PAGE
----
What caught my attention (and drew my ire) was the response to this article. This included such thoughtful responses as “Come to my place baby, I’ll show you my computer” as well as completely tone-deaf assertions that if women really wanted to be involved in tech, they’d stick it out.

Seriously, what is wrong with some people? What could possibly compel you to “well, actually” a post about a person’s own personal experience? That part is bad enough, but to turn the conversation into a deeply creepy sexual innuendo is simply disgusting.

Let me be clear about something: I am a grey-haired, cis-gendered male of Eastern European descent. As Patrick Stewart famously said:

patrickstewart

I am also the parent of two young girls, one of whom is celebrating her sixth birthday today. The fact of the timing is part of what has set me off. You see, this daughter of mine is deeply interested in technology and has been since a very early age. She’s a huge fan of Star Wars, LEGOs and point-and-click adventure games. She is going to have a very different experience from Ms. Hawthorne’s growing up, because her family is far more supportive of her interests in “nerdy” pursuits.

But still I worry. No matter how supportive her family is: Will this world be willing to accept her when she’s ready to join it? How much pressure is the world at large going to put on her to follow “traditional” female roles. (By “traditional” I basically mean the set of things that were decided on in the 1940s and 1950s and suddenly became the whole history of womanhood…)

So let me make my position perfectly clear.  I am a grey-haired, cis-gendered male of Eastern European descent. I am a feminist, an ally and a human-rights advocate. If I see bigotry, sexism, racism, ageism or any other “-ism” that isn’t humanism in my workplace, around town, on social media or in the news, I will take a stand against it, I will fight it in whatever way is in my power and I will do whatever I can to make a place for women (and any other marginalized group) in the technology world.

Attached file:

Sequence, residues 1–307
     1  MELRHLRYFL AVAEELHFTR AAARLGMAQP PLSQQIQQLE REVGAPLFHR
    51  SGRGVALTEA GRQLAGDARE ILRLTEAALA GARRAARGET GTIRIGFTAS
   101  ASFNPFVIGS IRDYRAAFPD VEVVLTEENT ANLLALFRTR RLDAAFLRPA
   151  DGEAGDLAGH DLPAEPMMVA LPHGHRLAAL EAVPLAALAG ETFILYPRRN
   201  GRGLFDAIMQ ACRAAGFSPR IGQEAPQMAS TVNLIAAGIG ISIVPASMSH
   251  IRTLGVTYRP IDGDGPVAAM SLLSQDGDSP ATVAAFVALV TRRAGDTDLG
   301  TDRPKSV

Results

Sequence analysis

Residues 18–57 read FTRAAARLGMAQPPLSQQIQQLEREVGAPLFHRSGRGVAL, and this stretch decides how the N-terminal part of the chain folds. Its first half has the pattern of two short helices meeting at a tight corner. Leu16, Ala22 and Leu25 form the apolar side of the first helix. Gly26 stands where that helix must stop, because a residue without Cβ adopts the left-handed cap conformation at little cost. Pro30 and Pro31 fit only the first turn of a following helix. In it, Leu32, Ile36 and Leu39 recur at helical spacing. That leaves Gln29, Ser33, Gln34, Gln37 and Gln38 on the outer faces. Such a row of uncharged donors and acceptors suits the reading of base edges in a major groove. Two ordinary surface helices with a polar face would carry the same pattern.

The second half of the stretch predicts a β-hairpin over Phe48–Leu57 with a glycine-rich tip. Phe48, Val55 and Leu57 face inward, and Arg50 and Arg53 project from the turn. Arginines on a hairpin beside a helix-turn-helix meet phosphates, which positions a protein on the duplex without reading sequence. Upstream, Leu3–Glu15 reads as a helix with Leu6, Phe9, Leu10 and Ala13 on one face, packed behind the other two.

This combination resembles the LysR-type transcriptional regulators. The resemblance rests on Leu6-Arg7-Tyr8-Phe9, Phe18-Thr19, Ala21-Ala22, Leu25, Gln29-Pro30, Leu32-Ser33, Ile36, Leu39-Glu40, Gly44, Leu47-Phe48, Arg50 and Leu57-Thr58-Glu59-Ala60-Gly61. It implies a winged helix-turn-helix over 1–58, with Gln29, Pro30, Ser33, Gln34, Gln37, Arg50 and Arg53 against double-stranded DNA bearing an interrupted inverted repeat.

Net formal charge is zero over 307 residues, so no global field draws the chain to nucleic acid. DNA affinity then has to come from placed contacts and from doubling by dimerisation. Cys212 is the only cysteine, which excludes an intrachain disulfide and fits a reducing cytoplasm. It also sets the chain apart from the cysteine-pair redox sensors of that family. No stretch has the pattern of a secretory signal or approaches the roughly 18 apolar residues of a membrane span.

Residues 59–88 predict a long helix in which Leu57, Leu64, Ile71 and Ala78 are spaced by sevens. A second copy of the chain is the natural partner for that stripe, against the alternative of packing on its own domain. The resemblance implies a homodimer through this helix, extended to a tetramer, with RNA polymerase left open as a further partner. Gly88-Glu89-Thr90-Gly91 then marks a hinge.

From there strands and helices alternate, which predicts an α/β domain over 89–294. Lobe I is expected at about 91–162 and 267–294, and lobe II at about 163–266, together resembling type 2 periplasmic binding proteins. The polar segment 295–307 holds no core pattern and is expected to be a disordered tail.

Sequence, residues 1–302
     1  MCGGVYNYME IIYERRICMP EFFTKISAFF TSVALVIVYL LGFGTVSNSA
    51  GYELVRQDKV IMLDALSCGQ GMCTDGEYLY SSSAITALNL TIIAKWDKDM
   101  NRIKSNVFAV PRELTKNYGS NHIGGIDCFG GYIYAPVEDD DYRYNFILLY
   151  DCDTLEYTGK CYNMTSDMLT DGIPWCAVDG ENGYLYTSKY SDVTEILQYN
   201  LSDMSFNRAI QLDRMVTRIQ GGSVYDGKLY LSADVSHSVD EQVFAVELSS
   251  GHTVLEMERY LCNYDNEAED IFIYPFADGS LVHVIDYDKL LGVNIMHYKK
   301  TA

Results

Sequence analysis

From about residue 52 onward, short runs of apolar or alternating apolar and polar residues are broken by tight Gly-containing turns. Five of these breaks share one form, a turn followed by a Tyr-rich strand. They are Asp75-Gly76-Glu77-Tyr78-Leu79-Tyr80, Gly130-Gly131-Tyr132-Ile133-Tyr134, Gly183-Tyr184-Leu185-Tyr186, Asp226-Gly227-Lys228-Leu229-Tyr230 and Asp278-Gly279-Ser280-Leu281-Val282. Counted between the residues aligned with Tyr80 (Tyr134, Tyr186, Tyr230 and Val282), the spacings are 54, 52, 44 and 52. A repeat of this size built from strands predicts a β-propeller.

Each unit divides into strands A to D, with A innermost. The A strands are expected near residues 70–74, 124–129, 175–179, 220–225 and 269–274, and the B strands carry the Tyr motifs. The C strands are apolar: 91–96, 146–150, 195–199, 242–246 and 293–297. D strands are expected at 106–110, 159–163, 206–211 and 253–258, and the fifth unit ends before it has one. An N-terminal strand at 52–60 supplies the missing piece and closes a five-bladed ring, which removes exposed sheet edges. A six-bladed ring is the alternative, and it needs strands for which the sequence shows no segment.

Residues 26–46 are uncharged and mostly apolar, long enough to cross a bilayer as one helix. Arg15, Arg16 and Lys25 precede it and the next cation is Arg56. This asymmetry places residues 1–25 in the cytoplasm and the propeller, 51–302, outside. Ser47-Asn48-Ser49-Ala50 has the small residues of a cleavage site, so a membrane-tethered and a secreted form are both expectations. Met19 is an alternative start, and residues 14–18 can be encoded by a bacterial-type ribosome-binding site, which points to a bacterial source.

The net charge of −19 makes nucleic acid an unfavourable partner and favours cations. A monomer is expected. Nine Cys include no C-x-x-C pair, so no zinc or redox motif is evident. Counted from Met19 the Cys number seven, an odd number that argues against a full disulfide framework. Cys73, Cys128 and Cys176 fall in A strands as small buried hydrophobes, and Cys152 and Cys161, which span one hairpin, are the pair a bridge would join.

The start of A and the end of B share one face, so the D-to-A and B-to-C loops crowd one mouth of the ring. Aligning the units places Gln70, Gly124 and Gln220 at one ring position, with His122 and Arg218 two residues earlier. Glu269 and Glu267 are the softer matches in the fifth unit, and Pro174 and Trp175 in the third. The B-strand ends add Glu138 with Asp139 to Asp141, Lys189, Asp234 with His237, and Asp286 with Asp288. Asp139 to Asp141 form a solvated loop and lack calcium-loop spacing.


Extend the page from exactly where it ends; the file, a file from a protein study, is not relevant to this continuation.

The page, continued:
Also, let me be absolutely clear about something: if I am interviewing two candidates for a job (any job, at my current employer or otherwise) of similar levels of suitability, I will fall on the side of hiring the woman, ethnic minority or non-cis-gendered person over a Caucasian man. No, this is not “reverse racism” or whatever privileged BS you think it is. Simply put: this is a set of people who have had to work at least twice as hard to get to the same point as their privileged Caucasion male counterpart and I am damned sure that I’m going to hire the person with that determination.

As my last point (and I honestly considered not addressing it), I want to call out the ignorant jerks who claim, quote “Computer science isn’t a social process at all, it’s a completely logical process. People interested in comp. sci. will pursue it in spite of people, not because of it. If you value building relationships more than logical systems, then clearly computer science isn’t for you.” When you say this, you are saying that this business should only permit socially-inept males into the club. So let me use some of your “completely logical process” to counter this – and I use the term extremely liberally – argument.

In computer science, we have an expression: “garbage in, garbage out”. What it essentially means is that when you write a function or program that processes data, if you feed it bad data in, you generally get bad (or worthless… or harmful…) data back out. This is however not limited to code. It is true of any complex system, which includes social and corporate culture. If the only input you have into your system design is that of egocentric, anti-social men, then the only things you can ever produce are those things that can be thought of by egocentric, anti-social men. If you want instead to have a unique, innovative idea, then you have to be willing to listen to ideas that do not fit into the narrow worldview that is currently available to you.

Pushing people away and then making assertions that “if people were pushed away so easily, then they didn’t really belong here” is the most deplorable ego-wank I can think of. You’re simultaneously disregarding someone’s potential new idea while helping to remove all of their future contributions from the available pool while at the same time making yourself feel superior because you think you’re “stronger” than they are.

To those who are reading this and might still feel that way, let me remind you of something: chances are, you were bullied as a child (I know I was). There are two kinds of people who come away from that environment. One is the type who remembers what it was like and tries their best to shield others from similar fates. The other is the type that finds a pond where they can be the big fish and then gets their “revenge” by being a bully themselves to someone else.

If you’re one of those “big fish”, let me be clear: I intend to be an osprey.